Miniature works of art

Richard Bowers Oliver

Following up on Patty Vitale’s recent post on her Uncle Dominic’s war photography, I can offer another take: photos created by Private Richard Bowers Oliver (1913–1985) at Camp Wheeler near Macon, Georgia, during the Second World War.

Oliver seems to have been the camp’s official photographer, a member of the Public Relations Office.[1] While much of his work covered the camp’s daily life, there were occasional celebrities to be seen, as when Cab Calloway (1907–1994) paid Camp Wheeler a visit.

Muzz Patrick counsels two Army boxers.

Another visiting fireman was Frederick Murray “Muzz” Patrick (1915–1998), the 1934 Canadian amateur heavyweight boxing champion and a member of the New York Rangers team that won the 1940 Stanley Cup. Here he coaches two unnamed Camp Wheeler soldiers on fighting form.

Most of Oliver’s work is decidedly less glamorous. He shows soldiers at work or, as below, the name is unrecorded while the occupation (dentist) is noted. Other shots show camp life, a mix of work and play.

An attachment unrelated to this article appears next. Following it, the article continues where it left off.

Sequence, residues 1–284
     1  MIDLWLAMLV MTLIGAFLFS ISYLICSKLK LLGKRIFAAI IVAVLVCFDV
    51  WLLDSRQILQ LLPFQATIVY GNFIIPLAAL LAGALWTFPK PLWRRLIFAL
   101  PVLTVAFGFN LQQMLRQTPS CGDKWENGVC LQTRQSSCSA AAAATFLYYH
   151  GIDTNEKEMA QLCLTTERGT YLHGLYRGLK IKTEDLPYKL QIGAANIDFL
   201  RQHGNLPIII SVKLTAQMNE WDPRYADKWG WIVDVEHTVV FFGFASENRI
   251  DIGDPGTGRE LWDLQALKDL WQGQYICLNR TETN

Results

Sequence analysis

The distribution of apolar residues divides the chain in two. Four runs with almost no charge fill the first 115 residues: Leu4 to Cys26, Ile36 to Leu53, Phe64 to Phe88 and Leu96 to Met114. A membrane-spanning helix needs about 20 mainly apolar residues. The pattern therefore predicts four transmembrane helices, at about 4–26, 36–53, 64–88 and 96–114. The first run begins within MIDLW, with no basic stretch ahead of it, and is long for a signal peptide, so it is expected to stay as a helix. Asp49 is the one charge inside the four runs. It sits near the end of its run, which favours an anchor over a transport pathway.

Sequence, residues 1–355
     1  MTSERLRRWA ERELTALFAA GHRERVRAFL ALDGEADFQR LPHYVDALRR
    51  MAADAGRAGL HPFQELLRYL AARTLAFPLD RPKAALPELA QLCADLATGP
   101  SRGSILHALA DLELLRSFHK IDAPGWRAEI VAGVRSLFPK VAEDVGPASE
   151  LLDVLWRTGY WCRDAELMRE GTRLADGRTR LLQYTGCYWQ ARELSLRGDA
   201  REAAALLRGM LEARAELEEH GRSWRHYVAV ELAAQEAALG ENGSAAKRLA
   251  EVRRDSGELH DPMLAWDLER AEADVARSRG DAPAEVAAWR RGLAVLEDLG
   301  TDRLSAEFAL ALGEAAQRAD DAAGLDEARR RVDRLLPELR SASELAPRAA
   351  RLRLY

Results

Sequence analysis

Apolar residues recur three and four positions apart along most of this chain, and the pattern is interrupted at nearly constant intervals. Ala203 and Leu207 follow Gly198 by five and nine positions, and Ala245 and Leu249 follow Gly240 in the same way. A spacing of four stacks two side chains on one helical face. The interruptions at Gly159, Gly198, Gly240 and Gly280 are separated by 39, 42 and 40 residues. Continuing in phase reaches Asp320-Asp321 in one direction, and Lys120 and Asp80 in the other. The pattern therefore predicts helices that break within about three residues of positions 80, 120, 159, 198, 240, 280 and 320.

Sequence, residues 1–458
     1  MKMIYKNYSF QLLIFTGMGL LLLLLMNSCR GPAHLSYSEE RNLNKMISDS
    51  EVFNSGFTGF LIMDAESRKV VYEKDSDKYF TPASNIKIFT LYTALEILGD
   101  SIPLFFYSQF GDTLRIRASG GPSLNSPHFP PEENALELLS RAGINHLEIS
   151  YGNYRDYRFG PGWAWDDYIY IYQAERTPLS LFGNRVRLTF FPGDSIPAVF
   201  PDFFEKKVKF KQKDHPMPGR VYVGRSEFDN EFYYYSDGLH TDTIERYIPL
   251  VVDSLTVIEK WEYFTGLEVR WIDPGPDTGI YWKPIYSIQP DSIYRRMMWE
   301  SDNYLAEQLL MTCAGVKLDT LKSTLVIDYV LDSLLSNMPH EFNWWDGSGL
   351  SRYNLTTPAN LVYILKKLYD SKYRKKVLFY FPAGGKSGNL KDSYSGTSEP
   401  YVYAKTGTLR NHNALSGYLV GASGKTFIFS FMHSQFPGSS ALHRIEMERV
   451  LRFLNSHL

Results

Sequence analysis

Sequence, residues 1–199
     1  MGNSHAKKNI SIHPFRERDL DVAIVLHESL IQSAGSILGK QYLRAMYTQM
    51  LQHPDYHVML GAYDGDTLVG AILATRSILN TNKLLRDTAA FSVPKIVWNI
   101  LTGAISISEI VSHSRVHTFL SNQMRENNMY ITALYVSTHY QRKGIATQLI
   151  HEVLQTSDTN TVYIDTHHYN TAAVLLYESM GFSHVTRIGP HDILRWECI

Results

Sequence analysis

The Camp Wheeler dentist.

Richard Bowers Oliver was born in the Dorchester section of Boston on 19 May 1913, the elder child of Wilfred N. Oliver and Louise Bowers.[2] In 1920, the Olivers were living on Talbot Avenue in Dorchester with a second child, Barbara, and Mrs. Oliver’s mother Abbie Bowers and sister Carrie; Wilfred Oliver was a bookkeeper for a hotel, while Carrie Bowers worked for an “Advertising Club” associated with a music store.[3] By 1930, the Oliver family was living on Chadwick Street in Billerica, Massachusetts; the Bowerses were no longer members of the household. Wilfred Oliver has evidently reverted to the industry for which he trained, as he is a structural engineer for a construction company.[4]